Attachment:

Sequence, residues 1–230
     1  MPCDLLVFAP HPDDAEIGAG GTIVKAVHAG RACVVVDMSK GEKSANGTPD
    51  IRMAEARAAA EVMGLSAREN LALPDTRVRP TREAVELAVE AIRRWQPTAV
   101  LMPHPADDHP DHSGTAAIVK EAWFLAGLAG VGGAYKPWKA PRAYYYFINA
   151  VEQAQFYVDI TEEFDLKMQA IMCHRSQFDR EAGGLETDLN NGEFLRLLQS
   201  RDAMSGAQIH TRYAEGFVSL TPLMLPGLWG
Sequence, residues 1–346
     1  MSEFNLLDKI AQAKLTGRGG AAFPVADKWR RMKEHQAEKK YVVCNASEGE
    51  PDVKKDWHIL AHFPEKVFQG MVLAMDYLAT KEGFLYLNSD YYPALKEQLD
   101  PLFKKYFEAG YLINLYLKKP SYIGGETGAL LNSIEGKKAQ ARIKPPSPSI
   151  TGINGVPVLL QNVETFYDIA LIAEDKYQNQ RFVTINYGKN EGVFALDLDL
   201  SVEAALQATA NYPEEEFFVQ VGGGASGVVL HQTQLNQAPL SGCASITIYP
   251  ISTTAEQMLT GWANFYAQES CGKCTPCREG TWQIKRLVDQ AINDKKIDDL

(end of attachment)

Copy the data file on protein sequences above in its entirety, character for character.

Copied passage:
Sequence, residues 1–230
     1  MPCDLLVFAP HPDDAEIGAG GTIVKAVHAG RACVVVDMSK GEKSANGTPD
    51  IRMAEARAAA EVMGLSAREN LALPDTRVRP TREAVELAVE AIRRWQPTAV
   101  LMPHPADDHP DHSGTAAIVK EAWFLAGLAG VGGAYKPWKA PRAYYYFINA
   151  VEQAQFYVDI TEEFDLKMQA IMCHRSQFDR EAGGLETDLN NGEFLRLLQS
   201  RDAMSGAQIH TRYAEGFVSL TPLMLPGLWG
Sequence, residues 1–346
     1  MSEFNLLDKI AQAKLTGRGG AAFPVADKWR RMKEHQAEKK YVVCNASEGE
    51  PDVKKDWHIL AHFPEKVFQG MVLAMDYLAT KEGFLYLNSD YYPALKEQLD
   101  PLFKKYFEAG YLINLYLKKP SYIGGETGAL LNSIEGKKAQ ARIKPPSPSI
   151  TGINGVPVLL QNVETFYDIA LIAEDKYQNQ RFVTINYGKN EGVFALDLDL
   201  SVEAALQATA NYPEEEFFVQ VGGGASGVVL HQTQLNQAPL SGCASITIYP
   251  ISTTAEQMLT GWANFYAQES CGKCTPCREG TWQIKRLVDQ AINDKKIDDL